A federal judge in Texas has said victims of the 2017 church massacre in Sutherland Springs can continue their lawsuit against the U.S. government for its role in the shooting.
U.S. District Judge Xavier Rodriguez’s Thursday ruling is a huge victory for the nine families in the case, which allows them to put federal authorities on trial for alleged negligence. Rodriguez dismissed the government’s motion to throw out the case and said the families can begin the discovery process, which allows their lawyers to gather documents and seek interviews with which to make their case.
“The ruling affirms what we’ve known all along, and that is that these families’ and victims’ claims against the government are valid and just,” Jamal Alsaffar, an attorney for four of the families, told The Dallas Morning News. “Judge Rodriguez’s very thorough ruling allows these families to finally seek and have their day in court and seek accountability from the government.”
The doctrine of sovereign immunity makes suing the federal government almost impossible. But under the Federal Tort Claims Act, people can seek damages in limited cases if they can prove direct negligence on the part of the government.
The Sutherland Springs lawsuit accuses the U.S. Air Force and the Department of Defense of negligence for failing to report the shooter’s history of criminal activity and mental health problems to an FBI database. The families first had to file claims against the government, wait six months, and then decide whether to continue based on its response.
After the government’s motion to dismiss, the families pushed to continue their suit, which Rodriguez gave the green light to in his ruling Thursday.
Shooter Devin P. Kelley, an Air Force veteran, had a history of violence and mental illness. He received a bad-conduct discharge in 2014 after he was convicted of beating his first wife and assaulting his stepson, and had escaped two years earlier from a mental facility where he was admitted after threatening to kill his superior officers.
Normally, these incidents would have landed Kelley on the FBI’s criminal database and kept him from legally owning guns. But the Air Force admitted that it failed to report his crimes, allowing Kelley to pass two background checks before he bought a Ruger AR-556.
On Nov. 5, Kelley used this gun to shoot and kill 26 parishioners — including a pregnant woman — who were attending Sunday services at the First Baptist Church of Sutherland Springs.
In his ruling, Rodriguez said the victims have alleged that multiple federal employees failed in their reporting duties because of systemic problems at the Department of Defense.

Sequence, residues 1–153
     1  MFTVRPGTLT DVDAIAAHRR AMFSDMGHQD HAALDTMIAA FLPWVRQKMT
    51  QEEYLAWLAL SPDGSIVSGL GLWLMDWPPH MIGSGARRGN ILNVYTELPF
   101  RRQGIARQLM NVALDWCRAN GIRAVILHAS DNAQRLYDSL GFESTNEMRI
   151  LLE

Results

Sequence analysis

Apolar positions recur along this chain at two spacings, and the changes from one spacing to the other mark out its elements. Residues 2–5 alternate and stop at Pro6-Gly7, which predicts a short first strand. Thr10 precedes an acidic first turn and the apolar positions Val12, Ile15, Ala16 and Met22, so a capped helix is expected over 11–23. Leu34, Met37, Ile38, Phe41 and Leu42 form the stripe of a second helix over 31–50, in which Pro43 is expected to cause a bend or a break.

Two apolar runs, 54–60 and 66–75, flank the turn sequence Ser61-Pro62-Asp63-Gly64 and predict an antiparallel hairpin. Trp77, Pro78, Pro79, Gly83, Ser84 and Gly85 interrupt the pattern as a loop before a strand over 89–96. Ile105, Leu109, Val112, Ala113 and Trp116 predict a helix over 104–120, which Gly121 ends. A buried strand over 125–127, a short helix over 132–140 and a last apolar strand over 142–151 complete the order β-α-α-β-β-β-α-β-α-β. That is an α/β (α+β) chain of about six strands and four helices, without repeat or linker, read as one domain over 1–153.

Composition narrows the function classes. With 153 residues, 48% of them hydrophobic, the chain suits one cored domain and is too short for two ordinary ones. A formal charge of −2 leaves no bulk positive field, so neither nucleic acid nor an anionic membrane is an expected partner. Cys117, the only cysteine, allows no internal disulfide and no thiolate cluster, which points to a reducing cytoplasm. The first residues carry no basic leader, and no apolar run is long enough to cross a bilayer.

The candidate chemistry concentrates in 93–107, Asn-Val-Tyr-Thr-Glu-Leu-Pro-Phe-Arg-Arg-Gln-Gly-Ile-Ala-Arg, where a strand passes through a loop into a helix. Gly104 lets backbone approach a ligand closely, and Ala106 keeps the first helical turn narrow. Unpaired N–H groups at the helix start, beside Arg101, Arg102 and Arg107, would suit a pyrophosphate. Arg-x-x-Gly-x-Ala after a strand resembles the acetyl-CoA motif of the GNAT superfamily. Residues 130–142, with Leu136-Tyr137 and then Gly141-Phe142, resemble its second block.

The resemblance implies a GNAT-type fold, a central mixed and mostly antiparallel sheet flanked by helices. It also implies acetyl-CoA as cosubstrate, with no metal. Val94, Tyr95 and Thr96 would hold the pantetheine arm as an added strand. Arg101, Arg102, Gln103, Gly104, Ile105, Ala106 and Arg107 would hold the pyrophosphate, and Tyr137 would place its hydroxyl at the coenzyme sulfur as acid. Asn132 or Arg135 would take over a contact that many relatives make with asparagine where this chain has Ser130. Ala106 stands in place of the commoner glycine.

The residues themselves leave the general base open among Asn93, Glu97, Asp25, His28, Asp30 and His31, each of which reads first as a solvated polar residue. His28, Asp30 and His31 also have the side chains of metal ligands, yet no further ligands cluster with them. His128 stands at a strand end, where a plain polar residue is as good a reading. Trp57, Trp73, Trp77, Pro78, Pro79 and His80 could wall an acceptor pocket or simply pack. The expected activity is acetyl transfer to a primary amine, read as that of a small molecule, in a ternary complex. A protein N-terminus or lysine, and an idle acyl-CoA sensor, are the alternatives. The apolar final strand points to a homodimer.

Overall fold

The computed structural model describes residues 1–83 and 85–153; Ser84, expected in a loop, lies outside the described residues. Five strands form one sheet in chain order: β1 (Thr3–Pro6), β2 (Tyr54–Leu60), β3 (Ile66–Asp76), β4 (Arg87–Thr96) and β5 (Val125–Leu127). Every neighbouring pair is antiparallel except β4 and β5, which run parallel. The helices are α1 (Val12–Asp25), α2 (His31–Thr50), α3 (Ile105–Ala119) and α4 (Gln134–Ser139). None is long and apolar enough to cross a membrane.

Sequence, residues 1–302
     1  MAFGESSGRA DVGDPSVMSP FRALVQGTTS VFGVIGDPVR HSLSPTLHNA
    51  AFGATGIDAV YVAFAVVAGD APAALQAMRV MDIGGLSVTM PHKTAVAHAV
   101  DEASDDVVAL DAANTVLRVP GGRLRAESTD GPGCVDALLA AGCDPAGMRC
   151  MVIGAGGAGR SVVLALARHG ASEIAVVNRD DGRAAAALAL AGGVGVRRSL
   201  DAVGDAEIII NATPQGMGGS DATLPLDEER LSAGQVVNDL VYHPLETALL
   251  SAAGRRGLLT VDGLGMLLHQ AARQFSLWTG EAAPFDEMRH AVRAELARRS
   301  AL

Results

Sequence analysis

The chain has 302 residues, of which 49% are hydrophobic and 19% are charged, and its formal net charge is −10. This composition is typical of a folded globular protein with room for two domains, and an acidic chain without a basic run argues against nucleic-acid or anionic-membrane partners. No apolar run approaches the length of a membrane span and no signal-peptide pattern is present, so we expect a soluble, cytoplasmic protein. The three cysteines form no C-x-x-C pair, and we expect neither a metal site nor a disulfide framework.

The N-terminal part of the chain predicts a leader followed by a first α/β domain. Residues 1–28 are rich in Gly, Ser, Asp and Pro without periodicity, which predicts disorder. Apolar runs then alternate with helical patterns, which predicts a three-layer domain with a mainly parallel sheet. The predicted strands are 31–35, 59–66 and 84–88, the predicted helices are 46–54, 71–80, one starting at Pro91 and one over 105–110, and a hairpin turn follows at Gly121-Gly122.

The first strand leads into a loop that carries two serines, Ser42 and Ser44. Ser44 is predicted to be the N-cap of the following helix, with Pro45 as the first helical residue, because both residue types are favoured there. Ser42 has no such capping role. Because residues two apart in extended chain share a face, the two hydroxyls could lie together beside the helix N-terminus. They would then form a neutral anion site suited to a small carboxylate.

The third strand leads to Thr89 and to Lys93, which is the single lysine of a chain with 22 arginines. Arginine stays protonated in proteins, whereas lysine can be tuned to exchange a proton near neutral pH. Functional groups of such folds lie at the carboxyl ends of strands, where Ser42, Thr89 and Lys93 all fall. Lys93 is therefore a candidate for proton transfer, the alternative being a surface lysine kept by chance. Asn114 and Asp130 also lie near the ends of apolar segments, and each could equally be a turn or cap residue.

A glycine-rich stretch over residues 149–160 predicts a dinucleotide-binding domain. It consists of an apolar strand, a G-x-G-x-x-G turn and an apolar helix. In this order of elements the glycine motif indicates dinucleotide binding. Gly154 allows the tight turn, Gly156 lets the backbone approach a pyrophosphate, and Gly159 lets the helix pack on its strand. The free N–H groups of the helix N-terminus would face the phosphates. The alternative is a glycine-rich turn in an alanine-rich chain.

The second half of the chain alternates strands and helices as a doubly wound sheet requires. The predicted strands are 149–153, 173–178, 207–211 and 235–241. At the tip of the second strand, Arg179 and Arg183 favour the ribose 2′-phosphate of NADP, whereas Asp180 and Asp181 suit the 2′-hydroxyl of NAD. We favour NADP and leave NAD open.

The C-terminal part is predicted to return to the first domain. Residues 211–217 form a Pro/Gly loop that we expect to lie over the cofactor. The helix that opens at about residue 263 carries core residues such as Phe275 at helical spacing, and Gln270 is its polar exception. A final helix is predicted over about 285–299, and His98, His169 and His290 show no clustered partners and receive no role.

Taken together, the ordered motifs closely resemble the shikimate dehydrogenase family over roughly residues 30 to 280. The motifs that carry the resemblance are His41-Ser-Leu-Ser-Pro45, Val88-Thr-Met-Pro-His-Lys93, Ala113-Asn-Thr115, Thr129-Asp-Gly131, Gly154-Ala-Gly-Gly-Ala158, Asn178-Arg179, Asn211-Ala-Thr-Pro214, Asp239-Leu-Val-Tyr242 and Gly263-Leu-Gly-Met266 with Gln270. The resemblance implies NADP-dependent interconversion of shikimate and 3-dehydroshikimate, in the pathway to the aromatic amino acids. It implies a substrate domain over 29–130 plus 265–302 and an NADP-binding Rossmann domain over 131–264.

“Plaintiffs allege that federal employees negligently collected, processed, and reported background information,” he wrote. “If they can prove that this negligence was proximately caused by negligent supervision or training, the Government would be liable.”
Alsaffar said the Thursday ruling allows the families’ lawyers to begin issuing subpoenas to people aware of the alleged reporting failures, from data entry employees through the top ranks of the U.S. military: “There are a lot of witnesses.”
The nine plaintiffs in the suit include members of the Holcombe, Johnson and Ramsey families, who lost a dozen people in the shooting. Nine members from three Holcombe generations were killed, including their unborn grandchild. Ronald Ramsey’s mother, Therese Rodriguez, and her husband, Ricardo Rodriguez, were both killed. The Johnsons lost their matriarch and patriarch, Sara and Dennis Sr., who at 77 was the oldest victim of the massacre.
The families claim the government’s admitted failures entitle them to damages for pain and suffering, mental anguish, mental health care expenses, past and future lost income and earning capacity and funeral costs. No dollar figure is named in the lawsuit.
Several other victims of the shooting are also suing Academy Sports + Outdoors, where Kelley purchased his firearm. He bought the Ruger and at least one high-capacity magazine there in violation of Colorado law, where he was a legal resident at the time, that suit alleges.
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